Concept of Cross Elasticity of Demand
The quantity demand of anyone commodity is affected by the change in not only its price but also by a change in the prices of related commodities. The effect changes in quantity demand of any one particular good due to the change in prices of other related goods is measured by cross elasticity of demand. Cross elasticity of demand is thus used to express the effect on the quantity demand of anyone commodity due to changes in the prices of its related goods. Here in this article, we will discuss the concept and degree of cross elasticity of demand.
Cross elasticity of demand measures the responsiveness of quantity demand for a good (say X) to the change in the price of other related goods (say Y). In another word, the degree of responsiveness of quantity demand of one commodity to a change in the price of another commodity is called cross elasticity of demand. It is the measure of the percentage change in quantity demand of a commodity concerning the change in the price of its related commodity.
Cross elasticity of demand of a commodity X concerning the price of another commodity Y can be measured with the help of the following formula;
Ec=Percentage change in the quantity demanded of good X/Percentage change in the price of commodity Y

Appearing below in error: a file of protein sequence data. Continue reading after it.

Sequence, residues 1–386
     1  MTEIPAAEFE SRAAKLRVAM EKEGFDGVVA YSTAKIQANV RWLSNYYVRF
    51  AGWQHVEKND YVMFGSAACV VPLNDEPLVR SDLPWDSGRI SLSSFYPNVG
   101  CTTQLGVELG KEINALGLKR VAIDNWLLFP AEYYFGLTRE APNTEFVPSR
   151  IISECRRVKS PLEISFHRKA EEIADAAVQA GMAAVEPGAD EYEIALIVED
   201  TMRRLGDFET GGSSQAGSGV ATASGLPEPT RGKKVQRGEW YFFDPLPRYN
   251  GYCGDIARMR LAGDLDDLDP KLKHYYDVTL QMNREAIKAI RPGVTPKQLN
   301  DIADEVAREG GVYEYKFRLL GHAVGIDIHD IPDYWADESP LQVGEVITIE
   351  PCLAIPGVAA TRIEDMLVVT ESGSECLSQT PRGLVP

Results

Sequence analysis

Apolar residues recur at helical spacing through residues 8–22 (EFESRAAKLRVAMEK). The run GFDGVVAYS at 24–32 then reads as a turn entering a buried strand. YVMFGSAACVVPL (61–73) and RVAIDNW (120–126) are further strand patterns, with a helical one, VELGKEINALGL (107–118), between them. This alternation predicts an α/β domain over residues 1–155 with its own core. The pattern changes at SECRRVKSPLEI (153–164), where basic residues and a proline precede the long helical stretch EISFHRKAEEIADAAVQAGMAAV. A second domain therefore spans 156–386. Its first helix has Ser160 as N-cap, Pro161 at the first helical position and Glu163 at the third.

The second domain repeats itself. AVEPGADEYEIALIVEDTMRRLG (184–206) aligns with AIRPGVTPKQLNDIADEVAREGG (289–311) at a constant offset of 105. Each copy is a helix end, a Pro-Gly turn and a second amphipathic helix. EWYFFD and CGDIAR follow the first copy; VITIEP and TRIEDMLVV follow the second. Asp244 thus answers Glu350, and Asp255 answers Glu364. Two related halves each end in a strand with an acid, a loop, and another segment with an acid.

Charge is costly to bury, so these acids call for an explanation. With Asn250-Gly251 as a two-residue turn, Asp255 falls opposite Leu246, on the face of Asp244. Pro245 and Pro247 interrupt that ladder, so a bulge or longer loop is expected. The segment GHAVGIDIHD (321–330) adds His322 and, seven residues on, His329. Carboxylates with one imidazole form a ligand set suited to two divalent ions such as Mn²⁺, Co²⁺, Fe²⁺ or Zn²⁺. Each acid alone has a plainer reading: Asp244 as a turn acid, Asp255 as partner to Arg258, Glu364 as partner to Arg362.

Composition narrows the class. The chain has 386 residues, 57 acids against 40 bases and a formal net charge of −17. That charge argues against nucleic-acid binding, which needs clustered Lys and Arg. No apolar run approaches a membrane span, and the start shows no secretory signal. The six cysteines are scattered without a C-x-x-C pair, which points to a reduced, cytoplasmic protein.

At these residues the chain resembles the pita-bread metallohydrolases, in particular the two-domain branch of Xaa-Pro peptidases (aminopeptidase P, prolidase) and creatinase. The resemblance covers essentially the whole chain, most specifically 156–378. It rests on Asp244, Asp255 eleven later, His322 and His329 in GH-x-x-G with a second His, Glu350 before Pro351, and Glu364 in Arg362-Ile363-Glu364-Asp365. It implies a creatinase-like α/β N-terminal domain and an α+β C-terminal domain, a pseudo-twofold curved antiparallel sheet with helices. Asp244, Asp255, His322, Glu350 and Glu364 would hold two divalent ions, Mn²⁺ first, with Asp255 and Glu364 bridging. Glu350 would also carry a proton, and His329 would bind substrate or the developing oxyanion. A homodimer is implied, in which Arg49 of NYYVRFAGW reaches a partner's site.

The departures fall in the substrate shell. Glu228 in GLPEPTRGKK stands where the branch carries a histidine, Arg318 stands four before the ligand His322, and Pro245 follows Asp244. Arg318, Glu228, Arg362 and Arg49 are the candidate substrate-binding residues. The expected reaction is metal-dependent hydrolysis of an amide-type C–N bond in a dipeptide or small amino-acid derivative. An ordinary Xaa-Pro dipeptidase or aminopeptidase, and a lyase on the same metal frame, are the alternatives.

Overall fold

Degrees or Types of Cross Elasticity of Demand
Two goods can be related to each other in different ways. They are either a complement to each other or they are substitutes or they are non-related to each other. Based on such a relationship between the goods, cross elasticity of demand can be categorized into three types.
Positive Cross Elasticity (EC> 1)
The cross elasticity of demand becomes positive when the increase in the price of one commodity (say Y) leads to an increase in the demand for the other commodity (say X). It means if two products can be used as a substitute for each other, the cross-elasticity of demand for them is positive. In other words, if some percentage increase in the price of one commodity results in some percentage increase in the quantity demanded of another related commodity, the cross-elasticity of demand is positive.
Substitute goods are a competitor or the rival of each other. For example, tea and coffee is a classic example of substitute goods. When there is an increase in the price of coffee but the price of tea remains constant, then demand for tea will increase. The following figure shows the case of positive cross elasticity of demand.
In the above figure, DD is an upward sloping demand curve showing the positive relationship between change in the price of one commodity and change in the quantity demand of its substitute commodity. When there is an increase in the price of good Y from P1 to P2 the quantity demand for good X has increased from X1 to X2 units. Thus this is the case of positive cross elasticity of demand.
Negative Cross Elasticity (EC< 1)
Cross elasticity of demand becomes negative when a fall in the price of one commodity (Y) leads to an increase in the demand of another related commodity (X), other things remaining the same. If two products are complementarily related to each other then their cross elasticity of demand will be negative.